My family were blue-collar, working-class background. I didn't know about the corporate world, but I had a client that came in one day; this brother was sharp, suited and booted, a Harvard Business School graduate, working at a non-profit, was about to get married and just had all these pieces that were very admirable to me and yet was still going through life challenges, you know, just the human condition. I began working with him and immediately I said to myself "These are my guys. This is my tribe". These are the people I want, not just to be of service to, but actually learn from. There are some things I know I need from this community that I didn't get growing up. So, still part of my own healing and empowerment process.


Through that, I got what I needed as far as healing. It felt good. Then I became a leader in that space and learned a ton about corporate. I started doing workshops at Google and Microsoft and Capital One and other organisations. I got to the point where today I work with guys one-on-one doing executive coaching. I don't do therapy anymore, and I also do speaking and writing and just have a good time with it.


Graham: And podcasts, don't forget the podcasts!


Jewel: Yeah, that's a new addition. This is awesome! If you can't tell already. I like to talk.


Graham: We promised the audience that we go onto imposter syndrome today. So, imposter syndrome; how would you define that condition?


Jewel: I would actually say it's related to insecurity - of being perceived as less than or lacking in some way. I'm happy to use the business context; I believe that's where it was originally I want to say 'discovered' if you will, but maybe 'diagnosed' and it's huge there as far as how people identify, compared to a lot of other sectors in society.


Some of the things I see in my guys (clients) are feeling like they don't belong or they'll get found out for not being skilled enough in order to be where they're at, and they'll get demoted or they'll get outcast, or they'll get fired from the company altogether. So, it could probably be, although I don't think it technically is, put into more of an anxiety category of the internal experience connected to these thoughts around being an imposter in one's environment.


I think it's the sort of thing that has been around forever, but we're perhaps more adept at identifying it, describing it, and owning up to it. Call it what you will, but I think it's something that's been around as people have become more senior or have more responsibility, they found themselves asking "why me?".


Graham: What sort of behaviours, what sort of challenges do you find your clients have when you've discovered its impostor syndrome?


Jewel: The first thing is really overcompensating and showing up, trying to go over and above. Now, I don't mean just 110%, because they're confident in what they do and are confident in outcomes that they can deliver. They're trying to protect themselves and that's where it's coming from in order to shore up any perceived deficiencies or weaknesses, that they might get found out that they don't even feel like they belong there in that scenario. So that's one that can show up is this over-performance element, which can at times work in their favour.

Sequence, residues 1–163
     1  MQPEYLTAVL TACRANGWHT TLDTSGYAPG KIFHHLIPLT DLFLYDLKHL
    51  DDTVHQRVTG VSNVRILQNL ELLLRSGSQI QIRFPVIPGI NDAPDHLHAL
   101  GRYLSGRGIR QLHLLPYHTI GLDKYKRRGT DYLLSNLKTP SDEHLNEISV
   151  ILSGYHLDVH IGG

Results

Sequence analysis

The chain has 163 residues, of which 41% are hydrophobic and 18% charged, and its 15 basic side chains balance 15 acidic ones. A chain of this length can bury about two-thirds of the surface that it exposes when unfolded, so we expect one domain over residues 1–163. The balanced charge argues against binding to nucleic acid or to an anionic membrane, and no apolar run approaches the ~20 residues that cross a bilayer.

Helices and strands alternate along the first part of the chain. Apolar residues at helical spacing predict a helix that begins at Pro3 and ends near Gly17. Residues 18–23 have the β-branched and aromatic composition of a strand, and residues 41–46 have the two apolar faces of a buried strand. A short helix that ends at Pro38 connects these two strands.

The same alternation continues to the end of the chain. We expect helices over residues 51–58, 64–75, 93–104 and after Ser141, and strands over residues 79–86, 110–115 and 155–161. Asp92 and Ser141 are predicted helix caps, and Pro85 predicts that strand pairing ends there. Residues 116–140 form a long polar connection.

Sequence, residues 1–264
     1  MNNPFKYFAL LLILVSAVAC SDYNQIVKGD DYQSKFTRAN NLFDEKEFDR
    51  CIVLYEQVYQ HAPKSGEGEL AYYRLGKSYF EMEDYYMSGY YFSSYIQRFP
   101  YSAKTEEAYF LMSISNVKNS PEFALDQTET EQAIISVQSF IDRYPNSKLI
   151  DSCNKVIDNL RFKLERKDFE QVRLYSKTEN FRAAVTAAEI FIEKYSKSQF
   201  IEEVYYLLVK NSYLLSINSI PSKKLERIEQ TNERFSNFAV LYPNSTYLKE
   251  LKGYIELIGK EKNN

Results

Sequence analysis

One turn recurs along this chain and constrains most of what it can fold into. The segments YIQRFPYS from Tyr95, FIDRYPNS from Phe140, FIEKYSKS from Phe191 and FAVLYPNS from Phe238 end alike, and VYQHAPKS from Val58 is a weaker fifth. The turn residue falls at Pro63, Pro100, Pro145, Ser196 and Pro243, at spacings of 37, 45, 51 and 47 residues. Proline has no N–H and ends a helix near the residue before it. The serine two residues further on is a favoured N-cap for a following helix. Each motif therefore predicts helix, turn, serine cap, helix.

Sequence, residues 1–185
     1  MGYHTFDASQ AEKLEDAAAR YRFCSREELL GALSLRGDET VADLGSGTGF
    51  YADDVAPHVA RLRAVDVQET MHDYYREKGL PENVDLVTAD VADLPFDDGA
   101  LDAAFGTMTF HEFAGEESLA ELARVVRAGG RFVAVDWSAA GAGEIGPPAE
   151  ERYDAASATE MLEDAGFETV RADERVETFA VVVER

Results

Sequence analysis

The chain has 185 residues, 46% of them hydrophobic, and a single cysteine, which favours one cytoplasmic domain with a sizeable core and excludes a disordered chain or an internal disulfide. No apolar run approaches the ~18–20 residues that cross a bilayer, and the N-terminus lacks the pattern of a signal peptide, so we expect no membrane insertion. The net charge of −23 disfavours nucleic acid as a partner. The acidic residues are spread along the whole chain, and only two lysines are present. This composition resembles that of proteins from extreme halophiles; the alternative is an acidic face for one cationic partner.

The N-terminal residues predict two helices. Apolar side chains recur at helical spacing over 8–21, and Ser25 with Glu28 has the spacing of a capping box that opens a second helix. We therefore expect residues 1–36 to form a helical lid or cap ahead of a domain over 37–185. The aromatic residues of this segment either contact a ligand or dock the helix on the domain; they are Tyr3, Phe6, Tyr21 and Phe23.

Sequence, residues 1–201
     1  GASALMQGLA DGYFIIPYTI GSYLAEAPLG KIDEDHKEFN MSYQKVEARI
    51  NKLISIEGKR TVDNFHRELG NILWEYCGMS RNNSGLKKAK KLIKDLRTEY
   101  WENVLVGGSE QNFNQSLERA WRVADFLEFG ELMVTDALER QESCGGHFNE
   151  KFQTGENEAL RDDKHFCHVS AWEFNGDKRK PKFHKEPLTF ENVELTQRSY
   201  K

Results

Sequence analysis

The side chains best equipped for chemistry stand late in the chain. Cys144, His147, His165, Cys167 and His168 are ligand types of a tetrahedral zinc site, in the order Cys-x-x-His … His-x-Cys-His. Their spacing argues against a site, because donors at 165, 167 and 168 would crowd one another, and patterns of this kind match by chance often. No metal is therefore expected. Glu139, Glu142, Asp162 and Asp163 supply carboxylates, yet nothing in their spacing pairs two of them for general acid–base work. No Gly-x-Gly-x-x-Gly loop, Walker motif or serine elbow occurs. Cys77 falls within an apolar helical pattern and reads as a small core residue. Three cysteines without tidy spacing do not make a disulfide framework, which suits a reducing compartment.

Then there's the reverse of it. There is succumbing to it and being dominated by the experience internally and actually shying away. So, even though a person has earned their slot - they've interviewed well and they've got the position, or they've got a promotion, there could be a sense of withdrawing from their power, their potency, their leadership, making sure communication is happening consistently and clearly, and mistakes will start to show up, and psychologically they're aligning with how they feel inside and where they believe they belong, which is at a lower level of seniority or possibly not in the organisation at all. If it's significant or severe for them, that's a challenging one.


Graham: I've seen exactly everything that you've described across my client base. Sometimes the reactions, the overreactions are pretty extreme. They turn to micro-managing. The fear of failure, they become very poor at delegating and time management because they're trying to overachieve and all the things that you just described; it can be hidden in that context that you're seeing other symptoms before you get them to recognise that it's actually, as you say, an anxiety complex, something around not feeling adequate.


Do you think there are certain personalities or certain types of people that are more prone to this or is it just everybody's at risk?


Jewel: Yeah, so the clients that I've seen that struggle with this the most are already introverts, and when one is moving to more of a senior role, that whole piece around executive presence is real. Needing to communicate in a certain way, possibly to larger audiences, they're now on a pedestal; they'll get more in front of certain sectors of employees, employee resource groups for example, now they're being called out for all of these different leadership roles. It can turn that up for them more.